How veins work – issues

What goes wrong with veins?

There are of course many things that can go wrong with veins but for the purposes of phlebology, we concentrate on the most common issues that cause the most common clinical problems for our patients.

The two major problems that affect veins are:

  • blood clotting within the veins
  • the venous pump not working
Blood clotting within the veins:
Although the veins are made specifically to transport venous blood, there are certain circumstances where the blood can clot within the veins.

If the blood clots within the deep venous system, it is called a deep vein thrombosis (DVT) (please click on the previous link to learn more about DVTs).

If blood clots within the superficial venous system, it is called superficial thrombophlebitis or more commonly “phlebitis” (please click on the link to learn more about phlebitis).

Failure of the venous pump:
The venous pump can fail in one of two main ways:
  • Failure of movement
  • Failure of valves
It is less common to have failure of movement as a cause of the venous leg pump to fail, but it does happen. One of the commoner ways is when patients get old or infirm and stop walking – becoming chair-bound or bed bound. Other causes can be paralysis of the limb, stroke or fusion of the ankle or knee joint (or both) stopping any movement of the joint.

Failure of the venous valves of the legs affects about 40% of adults. When these valves fail, usually in the superficial venous system, blood is still pumped up the leg on movement, but it falls back down the affected veins (called incompetent veins and the blood is said to “reflux” back down the veins). This refluxing blood can have several effects depending on how much blood is refluxing and which veins are involved.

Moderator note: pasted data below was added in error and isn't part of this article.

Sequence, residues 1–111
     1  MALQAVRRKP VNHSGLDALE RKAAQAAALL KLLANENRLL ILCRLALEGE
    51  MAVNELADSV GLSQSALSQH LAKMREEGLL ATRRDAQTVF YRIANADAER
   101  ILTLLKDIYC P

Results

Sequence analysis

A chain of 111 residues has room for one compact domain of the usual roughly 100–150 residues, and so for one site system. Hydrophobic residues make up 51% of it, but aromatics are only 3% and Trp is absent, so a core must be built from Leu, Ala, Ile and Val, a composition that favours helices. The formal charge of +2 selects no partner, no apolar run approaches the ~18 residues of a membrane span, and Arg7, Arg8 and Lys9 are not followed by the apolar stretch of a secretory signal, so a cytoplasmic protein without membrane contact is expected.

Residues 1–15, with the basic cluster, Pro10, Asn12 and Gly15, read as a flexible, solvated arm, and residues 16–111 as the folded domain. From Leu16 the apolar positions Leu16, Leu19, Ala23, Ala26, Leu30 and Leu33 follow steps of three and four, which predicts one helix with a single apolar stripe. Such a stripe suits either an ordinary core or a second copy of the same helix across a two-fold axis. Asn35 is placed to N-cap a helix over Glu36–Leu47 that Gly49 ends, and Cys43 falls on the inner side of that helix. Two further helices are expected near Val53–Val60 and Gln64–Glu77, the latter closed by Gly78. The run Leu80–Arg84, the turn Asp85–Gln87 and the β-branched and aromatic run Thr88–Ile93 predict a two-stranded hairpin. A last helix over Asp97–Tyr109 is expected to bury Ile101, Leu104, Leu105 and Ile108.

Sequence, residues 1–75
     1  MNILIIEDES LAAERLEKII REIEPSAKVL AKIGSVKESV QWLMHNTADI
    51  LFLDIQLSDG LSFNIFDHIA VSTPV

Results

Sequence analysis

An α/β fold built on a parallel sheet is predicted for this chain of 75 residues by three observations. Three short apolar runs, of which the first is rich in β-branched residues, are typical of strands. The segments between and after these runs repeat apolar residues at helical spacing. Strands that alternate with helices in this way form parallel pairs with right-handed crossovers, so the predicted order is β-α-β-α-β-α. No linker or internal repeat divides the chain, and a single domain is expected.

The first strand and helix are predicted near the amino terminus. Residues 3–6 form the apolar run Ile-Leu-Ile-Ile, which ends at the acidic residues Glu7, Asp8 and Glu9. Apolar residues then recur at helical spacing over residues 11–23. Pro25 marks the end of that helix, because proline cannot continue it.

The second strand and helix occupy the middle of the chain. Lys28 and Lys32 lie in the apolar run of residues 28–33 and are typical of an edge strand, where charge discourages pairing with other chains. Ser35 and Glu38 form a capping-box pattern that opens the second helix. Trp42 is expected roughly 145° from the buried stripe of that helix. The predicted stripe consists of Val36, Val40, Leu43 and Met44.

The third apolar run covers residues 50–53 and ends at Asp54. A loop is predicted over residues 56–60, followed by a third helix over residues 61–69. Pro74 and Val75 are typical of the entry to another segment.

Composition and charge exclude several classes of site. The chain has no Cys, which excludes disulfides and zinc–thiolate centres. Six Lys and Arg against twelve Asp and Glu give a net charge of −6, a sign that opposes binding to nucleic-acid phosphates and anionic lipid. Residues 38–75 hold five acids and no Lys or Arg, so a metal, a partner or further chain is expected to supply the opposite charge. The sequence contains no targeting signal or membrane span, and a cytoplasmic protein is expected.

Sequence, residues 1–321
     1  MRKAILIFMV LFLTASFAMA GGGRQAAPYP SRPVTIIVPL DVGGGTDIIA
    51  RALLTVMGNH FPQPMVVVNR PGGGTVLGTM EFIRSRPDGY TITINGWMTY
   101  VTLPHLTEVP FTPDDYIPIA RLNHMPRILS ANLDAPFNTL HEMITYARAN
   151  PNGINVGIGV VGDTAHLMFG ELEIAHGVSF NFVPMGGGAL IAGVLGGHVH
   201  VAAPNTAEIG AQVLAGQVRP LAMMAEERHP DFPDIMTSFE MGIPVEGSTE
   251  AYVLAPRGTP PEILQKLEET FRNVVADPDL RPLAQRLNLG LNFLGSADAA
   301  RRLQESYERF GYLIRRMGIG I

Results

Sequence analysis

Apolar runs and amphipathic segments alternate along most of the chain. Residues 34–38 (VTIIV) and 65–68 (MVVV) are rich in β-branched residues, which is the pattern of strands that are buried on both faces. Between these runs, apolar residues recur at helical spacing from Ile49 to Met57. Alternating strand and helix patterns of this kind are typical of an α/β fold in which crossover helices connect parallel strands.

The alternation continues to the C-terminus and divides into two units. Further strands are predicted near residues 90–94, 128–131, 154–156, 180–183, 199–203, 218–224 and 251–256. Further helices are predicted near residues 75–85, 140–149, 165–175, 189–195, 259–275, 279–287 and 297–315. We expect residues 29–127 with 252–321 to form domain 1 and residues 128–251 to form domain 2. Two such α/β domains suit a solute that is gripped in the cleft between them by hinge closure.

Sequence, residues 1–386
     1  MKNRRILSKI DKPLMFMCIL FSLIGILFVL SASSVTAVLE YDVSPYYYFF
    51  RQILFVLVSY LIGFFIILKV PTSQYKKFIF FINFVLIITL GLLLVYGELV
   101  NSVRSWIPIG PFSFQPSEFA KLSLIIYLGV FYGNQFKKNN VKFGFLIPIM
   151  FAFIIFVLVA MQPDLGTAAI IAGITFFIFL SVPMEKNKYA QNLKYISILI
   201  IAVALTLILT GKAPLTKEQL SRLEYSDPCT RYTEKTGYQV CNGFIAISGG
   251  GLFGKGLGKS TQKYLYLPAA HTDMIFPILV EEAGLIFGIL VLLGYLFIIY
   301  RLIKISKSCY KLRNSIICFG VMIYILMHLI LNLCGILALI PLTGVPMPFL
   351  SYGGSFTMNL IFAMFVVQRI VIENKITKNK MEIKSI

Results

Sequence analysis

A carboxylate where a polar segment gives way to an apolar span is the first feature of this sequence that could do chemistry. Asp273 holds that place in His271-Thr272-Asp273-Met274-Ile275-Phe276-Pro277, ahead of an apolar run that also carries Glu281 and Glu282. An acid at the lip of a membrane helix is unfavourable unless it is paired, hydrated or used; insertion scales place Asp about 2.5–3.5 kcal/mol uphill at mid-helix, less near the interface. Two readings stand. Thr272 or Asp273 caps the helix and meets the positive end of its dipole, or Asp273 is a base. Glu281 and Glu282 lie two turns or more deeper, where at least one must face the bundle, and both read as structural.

Most of phlebology is concerned with venous reflux – ie: what happens when the valves fail and what the refluxing blood does to the venous system. The effect of this blood falling down the incompetent veins and hitting the vein walls might be dilation of veins near the surface (thread veins or varicose veins), inflammation of the vein walls making them leak fluid (aching or “heavy” legs, or swollen ankles) or inflammation spreading from the vein walls and out into the tissues of the lower leg (venous eczema, red or brown stains or venous leg ulcers).

Although most people are able to picture that blood falling the wrong way down a vein can cause stretching of the vein walls and hence varicose veins, most people (including many doctors and nurses) do not understand that this same venous reflux can cause thread veins and the skin damage seen in many people and often mis-treated with steroid creams.

To try to help people understand venous reflux, we have started to use the term “hidden varicose veins” to make the problem easier to visualise, and to sound easier than the more technical sounding “venous incompetence” or “venous reflux”.

Older doctors and nurses who do not understand veins still use the term “venous hypertension”, meaning the increased pressure of blood in these veins due to the valves not working. However research has shown that there is no increase in pressure – the blood flows the wrong way, but the maximum pressure is the same whether the valves are working or not. Hence the term “venous hypertension” is a nonsense in phlebology and should not be used anymore.

This is explained more fully in “Understanding Venous Reflux – the cause of varicose veins and venous leg ulcers”.

Next page: How can venous reflux be treated?